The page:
As we can see, whether or not a translation is considered acceptable in spite of some traces of translationese—or even because of them—depends on the target culture and its attitude towards translated texts. Moreover, the question of whether adaptation to target culture standards is desirable or necessary depends on the purpose of the translation.
Because of these attitudes, we must revise our graphic again to take a closer look back at the background and purpose of a translation. The jump in Figure 3 may be too wide, or during the jump you may have lost something from your saddlebag which, according to your translation brief, should have been carried across to the target linguaculture. So take a look back to make sure that your target text fulfills the requirements of your brief (see Figure 4).
You may even need to make two or three or more revisions, as Figure 4 shows, but when you compare the results of this procedure with that of Figure 1, you will see that they mainly differ with regard to their cultural environment. In the process depicted in Figure 1, the culture hurdle was not even reached, let alone overcome. In the process represented in Figure 4, we have produced a target culture centered text that still reflects certain elements or features of the source text.
A final example will help us to learn how looking back can be useful to check the quality of a translation. The guarantee of Anton Berg chocolates, a Danish company, is translated into English, German, French, and Spanish in Figure 5 (on page 8). Let’s take the translations and look back at the Danish source text to observe how this method can be useful. There are problems with including too much and with not including enough, as well as examples of well-used generalizations and specifications.
One initial example of including too much can be found in the English translation. It says that if you have a complaint, you should enter the price you paid for the chocolate. However, there is no place to write this on the form for the customer to fill out. This makes the text incoherent. Here, the English translator jumped too far and should delete the item after looking back.
The Spanish translation, on the other hand, includes too little and ends rather abruptly in the middle of a sentence, without specifying where to send the damaged product and that you would get a replacement for it. Perhaps this was the fault of the translator, or perhaps the Danish typesetter, who, not understanding Spanish, simply deleted the end of the sentence because the layout did not allow for more text. Even if a client can figure out where to send the package and assumes that he or she will receive a replacement, the company’s image suffers because this type of text presents the company in a negative light, since an incomplete text does not make a good impression on customers.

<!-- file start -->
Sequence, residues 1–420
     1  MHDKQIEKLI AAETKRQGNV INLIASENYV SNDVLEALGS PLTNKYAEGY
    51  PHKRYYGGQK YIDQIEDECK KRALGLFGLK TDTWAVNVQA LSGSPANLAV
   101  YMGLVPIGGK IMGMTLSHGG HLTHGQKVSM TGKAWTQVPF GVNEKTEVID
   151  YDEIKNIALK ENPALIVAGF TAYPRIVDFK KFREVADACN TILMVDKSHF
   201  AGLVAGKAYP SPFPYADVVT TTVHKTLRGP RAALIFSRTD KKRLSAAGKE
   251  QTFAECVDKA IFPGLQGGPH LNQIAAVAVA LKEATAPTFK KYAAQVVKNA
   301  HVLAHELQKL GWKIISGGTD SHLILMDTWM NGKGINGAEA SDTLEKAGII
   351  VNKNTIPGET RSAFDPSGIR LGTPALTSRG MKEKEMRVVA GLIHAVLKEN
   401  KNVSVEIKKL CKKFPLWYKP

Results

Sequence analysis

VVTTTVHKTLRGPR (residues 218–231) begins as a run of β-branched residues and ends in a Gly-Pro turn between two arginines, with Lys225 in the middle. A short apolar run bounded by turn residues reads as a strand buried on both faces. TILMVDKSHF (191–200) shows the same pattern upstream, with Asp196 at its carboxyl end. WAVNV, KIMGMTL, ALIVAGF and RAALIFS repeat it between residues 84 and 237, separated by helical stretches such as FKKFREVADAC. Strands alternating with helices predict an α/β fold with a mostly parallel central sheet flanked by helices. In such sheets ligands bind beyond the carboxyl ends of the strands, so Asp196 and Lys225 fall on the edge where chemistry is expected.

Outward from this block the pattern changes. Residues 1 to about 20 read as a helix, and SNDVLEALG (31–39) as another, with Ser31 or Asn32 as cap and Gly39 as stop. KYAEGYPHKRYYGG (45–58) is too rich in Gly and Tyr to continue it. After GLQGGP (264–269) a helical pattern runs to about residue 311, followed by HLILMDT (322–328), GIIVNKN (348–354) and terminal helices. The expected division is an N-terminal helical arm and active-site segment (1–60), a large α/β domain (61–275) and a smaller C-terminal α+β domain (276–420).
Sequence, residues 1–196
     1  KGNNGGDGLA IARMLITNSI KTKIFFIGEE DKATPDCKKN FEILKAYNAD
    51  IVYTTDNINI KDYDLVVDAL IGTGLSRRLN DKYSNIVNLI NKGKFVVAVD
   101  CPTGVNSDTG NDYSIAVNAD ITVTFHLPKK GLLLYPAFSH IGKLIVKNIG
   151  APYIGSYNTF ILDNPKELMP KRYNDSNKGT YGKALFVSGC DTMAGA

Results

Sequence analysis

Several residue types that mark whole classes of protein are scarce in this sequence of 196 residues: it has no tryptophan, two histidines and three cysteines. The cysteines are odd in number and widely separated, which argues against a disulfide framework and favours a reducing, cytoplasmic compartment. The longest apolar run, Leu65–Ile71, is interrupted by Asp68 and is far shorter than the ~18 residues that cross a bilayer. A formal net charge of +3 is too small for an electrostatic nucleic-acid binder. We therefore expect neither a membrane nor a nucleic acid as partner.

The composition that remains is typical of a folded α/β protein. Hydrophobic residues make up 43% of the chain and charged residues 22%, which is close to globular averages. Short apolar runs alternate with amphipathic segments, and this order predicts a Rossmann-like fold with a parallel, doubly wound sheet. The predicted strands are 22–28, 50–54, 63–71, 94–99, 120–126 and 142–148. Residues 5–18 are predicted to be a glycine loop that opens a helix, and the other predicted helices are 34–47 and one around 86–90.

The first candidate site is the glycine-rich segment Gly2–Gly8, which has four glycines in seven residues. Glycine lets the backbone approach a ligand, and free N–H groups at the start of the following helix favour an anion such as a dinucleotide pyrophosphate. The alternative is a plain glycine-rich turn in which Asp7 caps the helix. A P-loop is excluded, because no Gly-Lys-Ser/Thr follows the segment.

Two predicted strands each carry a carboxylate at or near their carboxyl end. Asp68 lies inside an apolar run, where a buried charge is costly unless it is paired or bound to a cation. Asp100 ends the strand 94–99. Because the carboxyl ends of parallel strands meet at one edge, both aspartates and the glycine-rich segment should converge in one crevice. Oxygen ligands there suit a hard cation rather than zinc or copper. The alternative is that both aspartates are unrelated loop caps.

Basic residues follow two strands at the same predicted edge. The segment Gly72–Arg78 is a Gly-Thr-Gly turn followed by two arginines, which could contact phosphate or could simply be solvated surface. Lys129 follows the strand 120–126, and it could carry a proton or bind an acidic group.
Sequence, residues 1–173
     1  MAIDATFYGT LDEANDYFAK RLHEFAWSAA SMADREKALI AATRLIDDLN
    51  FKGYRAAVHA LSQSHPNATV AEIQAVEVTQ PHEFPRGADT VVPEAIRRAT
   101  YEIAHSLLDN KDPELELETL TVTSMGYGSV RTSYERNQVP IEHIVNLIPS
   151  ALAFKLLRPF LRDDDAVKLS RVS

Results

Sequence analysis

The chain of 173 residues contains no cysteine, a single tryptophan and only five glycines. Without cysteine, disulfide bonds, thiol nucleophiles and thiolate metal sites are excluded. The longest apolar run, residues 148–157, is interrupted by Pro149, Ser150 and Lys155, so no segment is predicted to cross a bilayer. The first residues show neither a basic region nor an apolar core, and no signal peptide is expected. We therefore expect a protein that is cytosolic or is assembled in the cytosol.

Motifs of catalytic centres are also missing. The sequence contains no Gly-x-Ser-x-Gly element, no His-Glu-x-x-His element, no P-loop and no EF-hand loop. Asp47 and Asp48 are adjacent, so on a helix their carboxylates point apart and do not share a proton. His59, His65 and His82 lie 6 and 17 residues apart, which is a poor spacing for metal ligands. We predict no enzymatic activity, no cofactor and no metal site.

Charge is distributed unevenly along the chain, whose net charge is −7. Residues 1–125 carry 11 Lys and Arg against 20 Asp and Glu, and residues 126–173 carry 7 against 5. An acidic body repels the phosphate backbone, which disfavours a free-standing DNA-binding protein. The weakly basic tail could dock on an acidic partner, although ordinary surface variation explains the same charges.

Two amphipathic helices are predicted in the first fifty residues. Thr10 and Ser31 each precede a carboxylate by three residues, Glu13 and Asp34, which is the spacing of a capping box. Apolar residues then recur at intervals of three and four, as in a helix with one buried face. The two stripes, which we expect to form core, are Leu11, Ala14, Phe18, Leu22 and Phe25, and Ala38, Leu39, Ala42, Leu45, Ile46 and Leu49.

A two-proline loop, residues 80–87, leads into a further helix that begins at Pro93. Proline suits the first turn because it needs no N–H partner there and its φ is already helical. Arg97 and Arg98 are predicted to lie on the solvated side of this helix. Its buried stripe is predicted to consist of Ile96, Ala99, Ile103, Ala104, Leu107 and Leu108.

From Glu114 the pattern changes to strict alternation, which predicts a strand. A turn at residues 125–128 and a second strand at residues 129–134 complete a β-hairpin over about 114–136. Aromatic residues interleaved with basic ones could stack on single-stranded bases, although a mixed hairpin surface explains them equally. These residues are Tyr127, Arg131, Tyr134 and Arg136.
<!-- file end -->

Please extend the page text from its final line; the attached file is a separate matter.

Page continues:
Examples of well-used generalization can be found in the rendering of the Danish ved tryk eller stød (“by pressing or jolting”). The German translation conveys this as auf dem Transport (“in transit”) and the English says during shipment. Looking back, we can state that during transport and during shipment are generalizing translations which cover the reasons for damage mentioned in the source text. In this case, the German and English translators did not lose anything they would have to recover by looking back.
We also see specification, the opposite of generalization, in the information that the customer is told to provide in case of a complaint. In the English, French, and Spanish they are told to write the name of the product, where it was bought, and when. However, the Danish original and the German translation simply ask the reader to refer to the form, which specifies the details that are needed anyway. It is possible that the English translator added the extra information in order to adjust the length of the text to match that of the other texts; however, the Spanish translator would have been better off omitting the extra information and using the remaining space to complete the last sentence, which is left unfinished.
In conclusion, you may have a tendency to creep towards the culture hurdle and risk getting stuck right in front of it, instead of leaping across it. The next time you start a translation, why not make the jump across and have a look around in the target culture, adjusting your text to the models that are already there? However, don’t forget to make sure that you really took the whole message with you! Good luck!